Our long-term goal is to discover therapeutic strategies targeting abnormal gene regulation causing neuronal dysfunction and death in Huntington’s disease (HD), a progressive and fatal neurodegenerative disease with no cure to date. Early in the course of disease progression, brains of HD patients and mice show abnormal gene expression, which is thought to play a critical role in disease pathogenesis. Recent studies using disease models have identified extensive changes in several chromatin modifications, including aberrant DNA methylation and histone modifications, which can alter gene expression and potentially contribute to HD pathogenesis. However, we still do not know which chromatin modifications play a dominant and causal role in neurodegeneration in HD, which has significant implications for therapy development. Based on our preliminary results demonstrating the important role of DNA methylation pathways in the death of HD neurons in culture, we hypothesize that the mutant HD protein triggers aberrant DNA methylation, thereby causing dysregulation of genes important for neuronal survival; therefore, DNA methylation pathways can be therapeutically manipulated to restore normal gene expression and protect neurons from HD-mediated neuronal death. The objective of this project is to determine how manipulation of DNA methylation pathways causes neuroprotection. Successful completion of these studies will advance our molecular understanding of gene regulation in HD neurons and lead to the development of new therapeutic strategies to halt disease progression in HD and, potentially, in other progressive neurodegenerative diseases in which aberrant DNA methylation plays a role.
Grants and Awards
“Epigenetic therapy for Huntington’s disease”
Spring 2018 LEAP Inventor Challenge Award, Washington University in St. Louis (PI, Hiroko Yano)
Our goal is to develop an effective neuroprotective therapy that targets a newly discovered and critical epigenetic mechanism—DNA methylation—in Huntington’s disease (HD). Our therapeutic target is the family of DNA methyltransferases (DNMTs), enzymes that catalyze methylation of DNA and thereby regulate gene expression. In this project, we test brain bioavailability and pharmacokinetics of systemically administered DNMT inhibitors in mice and identify a treatment with favorable pharmacological properties.
“Role of DNA methyltransferases in Huntington’s disease pathogenesis”
FY19 Small Grants Program from McDonnell Center for Cellular and Molecular Neurobiology, Washington University in St. Louis (PI, Hiroko Yano)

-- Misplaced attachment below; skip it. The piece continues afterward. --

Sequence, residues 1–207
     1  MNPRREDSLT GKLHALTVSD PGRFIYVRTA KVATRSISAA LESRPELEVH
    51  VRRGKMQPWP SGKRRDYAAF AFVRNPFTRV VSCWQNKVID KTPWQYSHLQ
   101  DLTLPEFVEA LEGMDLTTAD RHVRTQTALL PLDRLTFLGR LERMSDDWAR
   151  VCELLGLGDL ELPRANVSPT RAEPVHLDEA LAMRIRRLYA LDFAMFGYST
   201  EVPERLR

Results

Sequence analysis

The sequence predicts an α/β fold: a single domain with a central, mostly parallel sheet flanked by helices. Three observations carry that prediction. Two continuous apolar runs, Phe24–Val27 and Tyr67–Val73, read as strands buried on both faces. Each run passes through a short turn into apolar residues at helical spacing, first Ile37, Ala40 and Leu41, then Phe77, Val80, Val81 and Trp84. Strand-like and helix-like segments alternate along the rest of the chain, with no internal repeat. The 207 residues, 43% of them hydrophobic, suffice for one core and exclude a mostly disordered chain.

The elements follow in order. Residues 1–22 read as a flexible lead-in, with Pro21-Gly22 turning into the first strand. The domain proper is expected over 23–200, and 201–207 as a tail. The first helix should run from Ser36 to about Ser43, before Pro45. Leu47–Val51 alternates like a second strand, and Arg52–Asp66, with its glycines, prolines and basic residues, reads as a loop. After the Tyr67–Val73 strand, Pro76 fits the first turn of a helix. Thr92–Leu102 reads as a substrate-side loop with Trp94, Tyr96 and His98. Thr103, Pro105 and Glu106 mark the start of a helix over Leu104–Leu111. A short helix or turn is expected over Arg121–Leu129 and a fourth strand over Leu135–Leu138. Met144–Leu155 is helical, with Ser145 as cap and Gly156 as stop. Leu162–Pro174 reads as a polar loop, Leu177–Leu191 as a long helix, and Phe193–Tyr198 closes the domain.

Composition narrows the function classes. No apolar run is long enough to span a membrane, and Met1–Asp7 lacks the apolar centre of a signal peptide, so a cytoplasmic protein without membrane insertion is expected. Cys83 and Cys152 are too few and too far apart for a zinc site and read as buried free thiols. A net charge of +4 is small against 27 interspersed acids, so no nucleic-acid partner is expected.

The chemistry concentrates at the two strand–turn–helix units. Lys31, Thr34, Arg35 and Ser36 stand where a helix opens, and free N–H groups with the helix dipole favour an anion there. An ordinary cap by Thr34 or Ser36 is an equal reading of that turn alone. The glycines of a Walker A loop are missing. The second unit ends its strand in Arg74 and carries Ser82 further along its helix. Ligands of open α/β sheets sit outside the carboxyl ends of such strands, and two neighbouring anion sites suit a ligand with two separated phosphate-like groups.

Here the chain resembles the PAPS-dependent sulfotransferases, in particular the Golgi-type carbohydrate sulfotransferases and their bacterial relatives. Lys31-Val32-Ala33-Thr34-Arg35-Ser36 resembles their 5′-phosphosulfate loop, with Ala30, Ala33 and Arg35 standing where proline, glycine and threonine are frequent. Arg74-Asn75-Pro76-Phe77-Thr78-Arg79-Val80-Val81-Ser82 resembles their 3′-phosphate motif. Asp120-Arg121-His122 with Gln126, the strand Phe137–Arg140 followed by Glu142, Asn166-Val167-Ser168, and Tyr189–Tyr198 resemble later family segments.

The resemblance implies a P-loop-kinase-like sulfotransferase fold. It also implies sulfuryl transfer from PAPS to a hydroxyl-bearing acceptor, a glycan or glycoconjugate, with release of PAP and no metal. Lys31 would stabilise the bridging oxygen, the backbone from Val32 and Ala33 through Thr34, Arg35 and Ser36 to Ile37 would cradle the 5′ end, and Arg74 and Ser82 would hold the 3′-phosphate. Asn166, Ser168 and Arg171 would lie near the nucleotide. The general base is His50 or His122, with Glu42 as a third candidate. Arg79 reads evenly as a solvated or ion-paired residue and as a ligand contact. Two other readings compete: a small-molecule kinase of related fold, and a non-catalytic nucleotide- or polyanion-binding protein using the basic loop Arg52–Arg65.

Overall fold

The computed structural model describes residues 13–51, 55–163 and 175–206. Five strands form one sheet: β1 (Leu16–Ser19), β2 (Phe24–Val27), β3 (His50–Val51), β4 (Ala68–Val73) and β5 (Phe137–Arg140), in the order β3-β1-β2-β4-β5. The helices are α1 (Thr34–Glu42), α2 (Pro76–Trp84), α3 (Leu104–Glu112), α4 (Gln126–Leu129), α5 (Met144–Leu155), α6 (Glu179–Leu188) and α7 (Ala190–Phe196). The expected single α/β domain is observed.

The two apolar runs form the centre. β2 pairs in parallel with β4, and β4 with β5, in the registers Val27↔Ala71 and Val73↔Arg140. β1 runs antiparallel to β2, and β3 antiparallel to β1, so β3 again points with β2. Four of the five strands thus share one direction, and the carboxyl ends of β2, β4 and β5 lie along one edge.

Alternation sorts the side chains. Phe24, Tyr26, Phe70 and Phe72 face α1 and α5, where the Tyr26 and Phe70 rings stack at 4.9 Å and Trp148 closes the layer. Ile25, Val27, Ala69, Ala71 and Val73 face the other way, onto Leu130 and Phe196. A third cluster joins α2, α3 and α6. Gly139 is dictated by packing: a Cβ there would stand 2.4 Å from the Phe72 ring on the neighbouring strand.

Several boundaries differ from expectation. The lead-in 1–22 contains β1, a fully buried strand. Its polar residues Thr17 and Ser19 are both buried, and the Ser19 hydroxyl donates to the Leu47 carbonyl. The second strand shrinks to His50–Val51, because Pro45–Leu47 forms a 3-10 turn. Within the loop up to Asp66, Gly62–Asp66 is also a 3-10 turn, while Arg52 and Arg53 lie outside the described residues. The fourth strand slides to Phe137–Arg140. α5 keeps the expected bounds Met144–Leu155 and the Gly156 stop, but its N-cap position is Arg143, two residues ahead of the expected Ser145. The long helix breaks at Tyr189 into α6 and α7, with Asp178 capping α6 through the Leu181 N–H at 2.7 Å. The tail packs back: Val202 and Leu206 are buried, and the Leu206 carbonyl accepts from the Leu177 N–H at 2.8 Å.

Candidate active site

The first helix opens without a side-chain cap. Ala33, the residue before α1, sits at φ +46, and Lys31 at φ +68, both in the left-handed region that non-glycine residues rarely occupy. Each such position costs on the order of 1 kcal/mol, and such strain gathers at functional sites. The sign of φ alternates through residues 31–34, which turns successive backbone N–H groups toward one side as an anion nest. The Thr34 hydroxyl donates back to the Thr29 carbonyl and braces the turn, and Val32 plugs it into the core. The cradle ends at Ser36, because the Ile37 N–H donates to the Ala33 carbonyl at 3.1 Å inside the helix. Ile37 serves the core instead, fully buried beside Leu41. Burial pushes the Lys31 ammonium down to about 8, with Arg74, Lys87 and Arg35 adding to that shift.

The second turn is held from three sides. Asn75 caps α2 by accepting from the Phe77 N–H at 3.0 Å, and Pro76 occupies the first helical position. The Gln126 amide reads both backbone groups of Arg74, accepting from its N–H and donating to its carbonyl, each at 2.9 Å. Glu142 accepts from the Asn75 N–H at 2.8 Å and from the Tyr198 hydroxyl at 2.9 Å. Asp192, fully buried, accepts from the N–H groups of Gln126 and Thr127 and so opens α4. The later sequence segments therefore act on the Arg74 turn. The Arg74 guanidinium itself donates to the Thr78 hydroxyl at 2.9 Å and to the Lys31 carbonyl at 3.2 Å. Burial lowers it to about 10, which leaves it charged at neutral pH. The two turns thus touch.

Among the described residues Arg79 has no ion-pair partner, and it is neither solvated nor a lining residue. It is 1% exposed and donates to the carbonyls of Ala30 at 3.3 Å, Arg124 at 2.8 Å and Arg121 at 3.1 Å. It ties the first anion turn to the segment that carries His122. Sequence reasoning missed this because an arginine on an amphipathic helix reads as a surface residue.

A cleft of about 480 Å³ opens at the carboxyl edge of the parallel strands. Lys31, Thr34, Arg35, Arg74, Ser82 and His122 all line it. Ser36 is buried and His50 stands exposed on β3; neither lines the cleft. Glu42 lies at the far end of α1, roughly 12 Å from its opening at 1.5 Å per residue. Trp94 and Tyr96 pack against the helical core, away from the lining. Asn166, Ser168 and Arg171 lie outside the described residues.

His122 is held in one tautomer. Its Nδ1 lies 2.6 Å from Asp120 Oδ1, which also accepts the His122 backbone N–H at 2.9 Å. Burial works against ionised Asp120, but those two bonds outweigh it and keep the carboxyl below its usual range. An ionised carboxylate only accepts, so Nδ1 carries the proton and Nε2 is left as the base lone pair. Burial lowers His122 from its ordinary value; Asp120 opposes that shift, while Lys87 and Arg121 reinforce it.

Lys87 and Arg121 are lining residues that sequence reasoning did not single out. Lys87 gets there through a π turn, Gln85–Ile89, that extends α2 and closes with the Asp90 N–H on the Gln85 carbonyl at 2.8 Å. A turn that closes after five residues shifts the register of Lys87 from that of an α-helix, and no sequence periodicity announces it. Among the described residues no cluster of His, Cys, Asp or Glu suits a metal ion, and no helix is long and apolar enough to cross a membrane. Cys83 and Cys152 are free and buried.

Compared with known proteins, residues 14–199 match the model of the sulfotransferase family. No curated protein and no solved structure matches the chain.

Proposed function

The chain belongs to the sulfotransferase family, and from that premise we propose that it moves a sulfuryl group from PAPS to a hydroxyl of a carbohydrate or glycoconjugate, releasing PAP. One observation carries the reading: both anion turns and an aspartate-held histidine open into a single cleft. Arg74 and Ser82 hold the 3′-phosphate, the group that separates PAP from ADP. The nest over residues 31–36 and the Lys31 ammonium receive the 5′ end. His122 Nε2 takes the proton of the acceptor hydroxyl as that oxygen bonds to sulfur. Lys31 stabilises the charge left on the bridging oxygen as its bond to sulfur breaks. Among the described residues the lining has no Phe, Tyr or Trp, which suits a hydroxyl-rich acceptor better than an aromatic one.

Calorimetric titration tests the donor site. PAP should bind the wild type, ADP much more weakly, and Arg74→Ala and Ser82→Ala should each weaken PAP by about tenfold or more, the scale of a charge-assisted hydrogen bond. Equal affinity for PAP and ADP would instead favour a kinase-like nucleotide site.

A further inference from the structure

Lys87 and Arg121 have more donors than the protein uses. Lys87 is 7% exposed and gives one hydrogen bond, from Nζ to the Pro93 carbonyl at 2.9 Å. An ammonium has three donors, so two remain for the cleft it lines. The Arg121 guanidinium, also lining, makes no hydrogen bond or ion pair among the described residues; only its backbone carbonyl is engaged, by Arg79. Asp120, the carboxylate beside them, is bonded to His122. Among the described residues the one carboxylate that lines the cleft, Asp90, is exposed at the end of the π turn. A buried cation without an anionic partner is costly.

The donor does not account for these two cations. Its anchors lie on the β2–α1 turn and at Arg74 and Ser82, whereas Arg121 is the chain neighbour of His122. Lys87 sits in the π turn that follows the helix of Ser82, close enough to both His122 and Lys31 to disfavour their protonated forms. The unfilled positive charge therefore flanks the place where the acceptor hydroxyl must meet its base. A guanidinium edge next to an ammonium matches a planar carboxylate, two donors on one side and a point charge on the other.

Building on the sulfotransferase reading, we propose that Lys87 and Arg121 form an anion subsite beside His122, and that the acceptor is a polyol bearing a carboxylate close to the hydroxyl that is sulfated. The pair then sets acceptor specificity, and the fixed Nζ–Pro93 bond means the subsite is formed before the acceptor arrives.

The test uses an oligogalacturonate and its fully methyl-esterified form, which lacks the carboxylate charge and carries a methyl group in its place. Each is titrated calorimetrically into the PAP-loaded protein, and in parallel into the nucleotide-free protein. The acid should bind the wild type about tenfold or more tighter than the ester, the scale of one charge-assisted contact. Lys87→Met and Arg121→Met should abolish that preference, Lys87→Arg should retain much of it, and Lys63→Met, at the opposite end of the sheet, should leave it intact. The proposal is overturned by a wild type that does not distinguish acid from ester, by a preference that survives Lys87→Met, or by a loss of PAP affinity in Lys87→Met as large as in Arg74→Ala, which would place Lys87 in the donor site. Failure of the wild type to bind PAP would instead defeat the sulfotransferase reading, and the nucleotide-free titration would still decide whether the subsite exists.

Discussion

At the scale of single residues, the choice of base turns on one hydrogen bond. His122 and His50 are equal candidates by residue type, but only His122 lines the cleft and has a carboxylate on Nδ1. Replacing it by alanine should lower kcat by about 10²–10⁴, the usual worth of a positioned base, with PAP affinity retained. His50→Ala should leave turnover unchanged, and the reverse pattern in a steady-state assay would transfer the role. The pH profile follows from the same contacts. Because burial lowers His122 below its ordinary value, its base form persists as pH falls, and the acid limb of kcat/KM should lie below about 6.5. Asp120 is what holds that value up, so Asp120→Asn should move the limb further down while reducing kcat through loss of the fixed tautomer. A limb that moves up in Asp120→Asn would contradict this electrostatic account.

The goal of this project is to identify the role of DNA methyltransferases (DNMTs), DNMT1 and DNMT3A, in neurodegeneration and disease progression in Huntington’s disease in vivo by ablation of DNMT genes in HD mice through genetic cross of DNMT conditional knockout mice with HD mouse models.
“Epigenetic and mRNA Profiling of Striatopallidal Neurons in Huntington’s Disease”
NIH/NINDS R21 NS096603 (PI, Yano)
The goal of this project is to identify critical epigenetic changes causing abnormal gene regulation and neurodegeneration in vivo in striatopallidal medium spiny neurons, the primary cell type at-risk in Huntington’s disease.
“Role of DNA methyltransferases in Huntington’s Disease”
NIH/NINDS R01 NS111014 – 01A1 (PI, Yano)
NIH/NINDS 5R01NS111014-02 (PI, Yano)
Public Health Relevance Statement, NARRATIVE: Huntington’s disease (HD) is a fatal neurodegenerative disease caused by a known genetic mutation, but how this mutation causes neurological symptoms as well as the dysfunction and death of specific neurons remains unclear. Here we will test the hypothesis that an abnormality in a critical epigenetic mechanism involving DNA methyltransferases contributes to HD pathogenesis. This study will identify a novel epigenetic mechanism driving HD neurodegeneration. The findings will lay the foundation for the development of novel therapies that target DNA methyltransferases in HD and potentially other neurodegenerative diseases.
“Methods of treating neurodegenerative disorders comprising DNA methyltransferase inhibitors.”
PCT/US2017/037276 with international rights filed: 6/13/2017
Patent application (WO2017218551A1) published: 12/21/2017
US 10842807B2 (Yano H and Kim A)
Patent granted: November 24, 2020
Pan Y, Daito T, Sasaki Y, Chung YH, Xing X, Pondugula S, Swamidass, SJ, Wang T, Kim AH, Yano H. Inhibition of DNA methyltransferases blocks mutant huntingtin-induced neurotoxicity. Sci Rep.;6:31022, (2016).
Pan Y, Zhu Y, Yang W, Tycksen E, Liu S, Palucki J, Zhu L, Sasaki Yo, Sharma MK, Kim AH, Zhang B, and Yano H. The role of Twist1 in mutant huntingtin-induced transcriptional alterations and neurotoxicity. J Biol Chem 2018, 293(30):11850-11866.
Updated April 2021